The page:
When to pick and how to store your homegrown tomatoes

They have turned red on the vine (or yellow for yellow tomatoes, pink for pink varieties, and so forth),

Their color is even, and the entire tomato has color

They are a tiny bit soft when squeezed (like a tiny bit soft on a ripe avocado).

That means it’s time to pick for that vine ripened flavor.

You can also pick just ripening tomatoes and finish the ripening process inside.

Set them on your kitchen counter, in a box, in a bag, under your bed, etc., and they will finish ripening. 

They don’t need the sunshine. They will not have the vine ripened flavor when you pick them early.  

Tomatoes ripen best between 68 and 77 degrees.

At 55 degrees, it takes a week or two longer to ripen than at 65 degrees.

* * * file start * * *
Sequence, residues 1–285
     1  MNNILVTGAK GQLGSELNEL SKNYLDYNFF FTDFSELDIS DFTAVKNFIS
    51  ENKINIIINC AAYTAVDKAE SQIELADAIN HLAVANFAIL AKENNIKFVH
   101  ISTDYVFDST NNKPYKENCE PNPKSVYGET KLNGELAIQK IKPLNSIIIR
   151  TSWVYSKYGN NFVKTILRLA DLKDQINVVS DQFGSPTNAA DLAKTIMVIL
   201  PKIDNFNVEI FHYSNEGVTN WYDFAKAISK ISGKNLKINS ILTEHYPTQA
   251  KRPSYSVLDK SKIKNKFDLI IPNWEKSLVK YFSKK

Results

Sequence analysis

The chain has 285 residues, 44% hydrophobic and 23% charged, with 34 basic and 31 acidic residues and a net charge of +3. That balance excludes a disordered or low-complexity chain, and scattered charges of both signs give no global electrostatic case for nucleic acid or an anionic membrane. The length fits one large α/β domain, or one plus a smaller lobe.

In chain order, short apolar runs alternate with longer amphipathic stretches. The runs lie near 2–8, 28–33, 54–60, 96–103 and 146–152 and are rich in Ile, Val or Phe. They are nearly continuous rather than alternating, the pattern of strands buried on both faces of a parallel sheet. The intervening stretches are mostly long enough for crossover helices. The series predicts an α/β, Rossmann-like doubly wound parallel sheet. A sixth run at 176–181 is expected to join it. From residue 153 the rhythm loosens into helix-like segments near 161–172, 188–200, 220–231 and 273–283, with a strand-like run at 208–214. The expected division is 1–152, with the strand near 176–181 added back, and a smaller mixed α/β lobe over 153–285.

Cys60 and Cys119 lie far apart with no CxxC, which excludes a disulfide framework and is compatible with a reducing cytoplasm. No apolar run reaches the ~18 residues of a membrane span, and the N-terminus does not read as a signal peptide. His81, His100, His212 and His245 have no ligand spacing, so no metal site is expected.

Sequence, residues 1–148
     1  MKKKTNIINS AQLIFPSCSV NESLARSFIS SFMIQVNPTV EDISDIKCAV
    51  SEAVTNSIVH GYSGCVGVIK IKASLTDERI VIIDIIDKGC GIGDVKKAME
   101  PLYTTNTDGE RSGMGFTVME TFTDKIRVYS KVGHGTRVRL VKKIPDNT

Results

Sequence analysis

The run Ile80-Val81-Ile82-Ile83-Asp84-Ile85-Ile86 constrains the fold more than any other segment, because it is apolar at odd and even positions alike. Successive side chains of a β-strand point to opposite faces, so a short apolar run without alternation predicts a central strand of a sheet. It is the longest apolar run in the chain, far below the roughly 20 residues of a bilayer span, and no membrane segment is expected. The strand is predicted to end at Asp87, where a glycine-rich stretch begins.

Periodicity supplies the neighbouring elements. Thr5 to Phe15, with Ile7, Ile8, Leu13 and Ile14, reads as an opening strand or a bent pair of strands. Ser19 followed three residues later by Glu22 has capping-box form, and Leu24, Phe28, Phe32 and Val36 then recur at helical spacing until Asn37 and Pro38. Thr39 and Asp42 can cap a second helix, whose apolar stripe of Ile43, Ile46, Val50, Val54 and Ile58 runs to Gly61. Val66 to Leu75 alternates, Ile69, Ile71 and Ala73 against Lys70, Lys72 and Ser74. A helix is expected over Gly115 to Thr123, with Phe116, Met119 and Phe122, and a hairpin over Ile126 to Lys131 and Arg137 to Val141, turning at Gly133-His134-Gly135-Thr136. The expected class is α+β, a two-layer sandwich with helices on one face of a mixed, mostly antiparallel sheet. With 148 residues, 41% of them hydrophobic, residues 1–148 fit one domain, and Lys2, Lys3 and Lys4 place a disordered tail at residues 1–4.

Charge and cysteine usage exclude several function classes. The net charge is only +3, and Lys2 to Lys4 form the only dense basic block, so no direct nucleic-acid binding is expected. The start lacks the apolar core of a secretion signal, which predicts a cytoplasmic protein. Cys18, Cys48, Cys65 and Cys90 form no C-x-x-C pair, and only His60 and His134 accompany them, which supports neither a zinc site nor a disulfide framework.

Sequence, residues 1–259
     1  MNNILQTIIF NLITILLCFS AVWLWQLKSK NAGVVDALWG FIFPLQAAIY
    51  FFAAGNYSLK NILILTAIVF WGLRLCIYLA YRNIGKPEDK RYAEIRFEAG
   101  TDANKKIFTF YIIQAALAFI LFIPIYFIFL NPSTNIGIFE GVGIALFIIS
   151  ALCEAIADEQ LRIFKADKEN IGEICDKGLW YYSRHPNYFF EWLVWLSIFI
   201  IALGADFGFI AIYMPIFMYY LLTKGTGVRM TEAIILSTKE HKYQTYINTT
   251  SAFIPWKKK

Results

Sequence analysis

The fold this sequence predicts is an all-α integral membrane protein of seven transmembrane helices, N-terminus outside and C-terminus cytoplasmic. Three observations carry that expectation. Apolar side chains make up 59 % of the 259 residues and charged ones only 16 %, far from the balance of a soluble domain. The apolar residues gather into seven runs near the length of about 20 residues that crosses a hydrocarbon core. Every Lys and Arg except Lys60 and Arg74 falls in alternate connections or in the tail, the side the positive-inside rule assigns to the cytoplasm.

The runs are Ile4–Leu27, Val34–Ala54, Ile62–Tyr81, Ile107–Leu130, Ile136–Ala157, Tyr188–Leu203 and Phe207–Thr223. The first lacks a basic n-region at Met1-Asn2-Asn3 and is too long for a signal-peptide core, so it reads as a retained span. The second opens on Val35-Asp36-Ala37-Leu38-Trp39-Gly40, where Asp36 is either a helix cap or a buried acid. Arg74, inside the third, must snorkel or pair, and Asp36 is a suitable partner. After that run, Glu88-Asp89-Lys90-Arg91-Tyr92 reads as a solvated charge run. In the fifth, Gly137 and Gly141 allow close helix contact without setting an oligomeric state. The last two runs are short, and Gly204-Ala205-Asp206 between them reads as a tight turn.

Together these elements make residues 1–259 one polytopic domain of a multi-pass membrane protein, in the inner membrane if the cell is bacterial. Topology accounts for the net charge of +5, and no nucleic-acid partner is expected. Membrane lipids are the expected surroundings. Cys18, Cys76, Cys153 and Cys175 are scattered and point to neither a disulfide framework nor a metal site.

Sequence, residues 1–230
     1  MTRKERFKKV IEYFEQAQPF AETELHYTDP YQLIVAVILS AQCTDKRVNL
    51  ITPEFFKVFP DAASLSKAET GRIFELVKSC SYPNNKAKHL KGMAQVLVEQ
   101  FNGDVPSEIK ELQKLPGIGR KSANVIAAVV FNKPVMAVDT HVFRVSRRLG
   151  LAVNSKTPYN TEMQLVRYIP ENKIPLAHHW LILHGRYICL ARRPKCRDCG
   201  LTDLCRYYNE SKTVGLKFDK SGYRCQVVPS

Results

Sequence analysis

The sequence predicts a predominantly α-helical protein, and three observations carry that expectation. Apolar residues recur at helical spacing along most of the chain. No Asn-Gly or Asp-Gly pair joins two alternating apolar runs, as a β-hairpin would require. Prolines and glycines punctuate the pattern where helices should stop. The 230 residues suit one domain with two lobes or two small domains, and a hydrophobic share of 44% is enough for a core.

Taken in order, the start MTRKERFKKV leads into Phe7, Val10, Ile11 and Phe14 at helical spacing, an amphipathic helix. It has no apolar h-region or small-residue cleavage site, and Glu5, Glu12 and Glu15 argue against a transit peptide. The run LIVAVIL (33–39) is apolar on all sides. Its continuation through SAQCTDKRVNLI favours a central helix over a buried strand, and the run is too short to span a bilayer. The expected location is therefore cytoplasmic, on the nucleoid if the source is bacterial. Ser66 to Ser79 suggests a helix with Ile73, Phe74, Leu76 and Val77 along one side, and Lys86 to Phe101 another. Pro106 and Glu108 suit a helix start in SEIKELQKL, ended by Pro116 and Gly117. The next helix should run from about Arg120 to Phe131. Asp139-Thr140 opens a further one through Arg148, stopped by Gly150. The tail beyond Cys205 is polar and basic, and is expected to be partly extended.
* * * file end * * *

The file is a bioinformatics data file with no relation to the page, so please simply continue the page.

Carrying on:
Above 85 degrees, the pigments that turn tomatoes red do not develop. So the tomatoes may be a whitish green or greenish orange after the ripening process.

And If you do not like the flavor of your tomato, don’t plant it again next year.

Where should you store your ripe tomatoes?

For the best flavor, whole tomatoes should not be stored in the refrigerator. Once refrigerated for even a few hours, tomatoes begin to lose their flavor. 

Keep cut up/sliced tomatoes in the refrigerator.

The best place to store tomatoes is on the counter top at room temperature. 

You are welcome to share this information with others—clubs—perhaps share this with your general membership to include those that could not attend the lecture, family, friends, etc. 

Thanks,

Dave Freed  “The Tomato Guy”